Education
Fact-checked

At PracticalAdultInsights, we're committed to delivering accurate, trustworthy information. Our expert-authored content is rigorously fact-checked and sourced from credible authorities. Discover how we uphold the highest standards in providing you with reliable knowledge.

Learn more...

What is a Forensic Psychiatrist?

A forensic psychiatrist is a medical doctor specializing in the intersection of mental health and law. They evaluate individuals involved in legal cases for mental health issues, providing expert testimony in court. Intrigued? How might a forensic psychiatrist impact the outcome of a legal case?
Mary McMahon
Mary McMahon
Mary McMahon
Mary McMahon

A forensic psychiatrist is a medical professional who offers his or her expertise in legal cases which involve mental health and mental health issues. While many think specifically of pathologists when they hear the word “forensic,” this term is used more generally to describe the application of the sciences to legal matters. Forensic psychiatrists also different from forensic psychologists. Although both deal with mental health issues and the legal system, they have different levels of training and approaches to their cases.

In order to become a forensic psychiatrist, someone must attend medical school to become a doctor and elect to take a residency in psychiatry. During the residency, the student learns about mental illness and the various approaches to treatment available, while qualifying as a doctor who can offer psychiatric help to patients in need. Entering the field of forensic psychiatry requires additional training in issues unique to this branch of the psychiatric field.

In criminal court cases, a forensic psychiatrist can determine if someone has the mental capacity to be tried.
In criminal court cases, a forensic psychiatrist can determine if someone has the mental capacity to be tried.

While a forensic psychiatrist is not a lawyer, he or she may be familiar with many aspects of the legal system, in order to work more effectively. Forensic psychiatrists can be retained in a legal case for a variety of reasons. They are often involved in competency hearings to determine whether or not someone is mentally capable of standing trial, and to assess someone's mental state at the time of a crime.

Forensic psychiatrists may help couples work through issues during court mandated therapy.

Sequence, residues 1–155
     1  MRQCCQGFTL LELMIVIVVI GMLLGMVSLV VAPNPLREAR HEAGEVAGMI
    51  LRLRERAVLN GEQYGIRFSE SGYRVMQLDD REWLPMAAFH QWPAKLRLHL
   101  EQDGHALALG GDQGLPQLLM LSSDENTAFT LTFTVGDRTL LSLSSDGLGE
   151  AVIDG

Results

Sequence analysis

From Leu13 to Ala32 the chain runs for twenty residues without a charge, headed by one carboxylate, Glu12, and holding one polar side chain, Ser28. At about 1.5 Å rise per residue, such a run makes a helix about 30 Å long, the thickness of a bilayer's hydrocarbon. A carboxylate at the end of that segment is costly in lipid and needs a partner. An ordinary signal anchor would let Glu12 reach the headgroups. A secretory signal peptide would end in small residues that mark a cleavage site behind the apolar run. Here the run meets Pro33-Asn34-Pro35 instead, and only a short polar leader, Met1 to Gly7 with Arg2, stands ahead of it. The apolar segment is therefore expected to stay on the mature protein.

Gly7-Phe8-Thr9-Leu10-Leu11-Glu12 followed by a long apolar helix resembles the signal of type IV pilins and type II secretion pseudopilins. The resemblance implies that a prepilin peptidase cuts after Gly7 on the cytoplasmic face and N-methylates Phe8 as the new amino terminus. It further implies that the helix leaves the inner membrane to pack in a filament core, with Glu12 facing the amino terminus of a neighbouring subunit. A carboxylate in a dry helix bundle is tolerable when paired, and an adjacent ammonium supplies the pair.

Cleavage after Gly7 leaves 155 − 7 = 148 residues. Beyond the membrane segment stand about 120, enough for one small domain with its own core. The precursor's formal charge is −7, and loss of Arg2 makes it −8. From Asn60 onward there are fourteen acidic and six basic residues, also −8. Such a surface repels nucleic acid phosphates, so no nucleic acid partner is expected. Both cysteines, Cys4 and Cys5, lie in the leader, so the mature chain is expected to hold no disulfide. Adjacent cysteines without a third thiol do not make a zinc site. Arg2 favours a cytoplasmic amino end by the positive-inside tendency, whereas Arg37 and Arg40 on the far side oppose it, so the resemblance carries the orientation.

Forensic psychiatrists may help couples work through issues during court mandated therapy.

A forensic psychiatrist may also evaluate a victim or a defendant to produce evidence which can be used in court. For example, a minor requesting emancipation might ask for an examination by a forensic psychiatrist to prove that he or she is capable of living as an adult, or the parents of a child accused of murdering a classmate might ask a psychiatrist to evaluate the child to determine whether mental health played a role in the crime. The work of a forensic psychiatrist may also include treatment recommendations, including recommendations regarding sentencing, parole, or probation.

Forensic psychiatrists may evaluate victims of crimes.
Forensic psychiatrists may evaluate victims of crimes.

There is no precise legal definition of an “expert witness.” As a general rule, people use this term to describe individuals who are highly skilled in their field, and competent on the witness stand. Forensic psychiatrists can work for the defense or the prosecution, and they use their skills in a wide variety of ways, from recommending that a mentally incompetent criminal be institutionalized to helping a victim who may struggle with post-traumatic stress disorder.

Some forensic psychiatrists deal primarily with youth offenders.
Some forensic psychiatrists deal primarily with youth offenders.

In addition to working for the legal system, it is not uncommon for a forensic psychiatrist to opt to maintain a clinical practice. This ensures that his or her skills in the mental health field stay sharp, and it can provide a ground for research which may make the psychiatrist more appealing as a potential witness or consultant.

Mary McMahon
Mary McMahon

Ever since she began contributing to the site several years ago, Mary has embraced the exciting challenge of being a PracticalAdultInsights researcher and writer. Mary has a liberal arts degree from Goddard College and spends her free time reading, cooking, and exploring the great outdoors.

Learn more...
Mary McMahon
Mary McMahon

Ever since she began contributing to the site several years ago, Mary has embraced the exciting challenge of being a PracticalAdultInsights researcher and writer. Mary has a liberal arts degree from Goddard College and spends her free time reading, cooking, and exploring the great outdoors.

Learn more...

You might also Like

Discuss this Article

Post your comments
Login:
Forgot password?
Register:
    • In criminal court cases, a forensic psychiatrist can determine if someone has the mental capacity to be tried.
      By: alexsokolov
      In criminal court cases, a forensic psychiatrist can determine if someone has the mental capacity to be tried.
    • Forensic psychiatrists may help couples work through issues during court mandated therapy.
      By: Monkey Business
      Forensic psychiatrists may help couples work through issues during court mandated therapy.
    • Forensic psychiatrists may evaluate victims of crimes.
      By: Astrid Gast
      Forensic psychiatrists may evaluate victims of crimes.
    • Some forensic psychiatrists deal primarily with youth offenders.
      By: Monkey Business
      Some forensic psychiatrists deal primarily with youth offenders.
    • A forensic psychiatrist may take the witness stand as an expert witness.
      By: TAGSTOCK2
      A forensic psychiatrist may take the witness stand as an expert witness.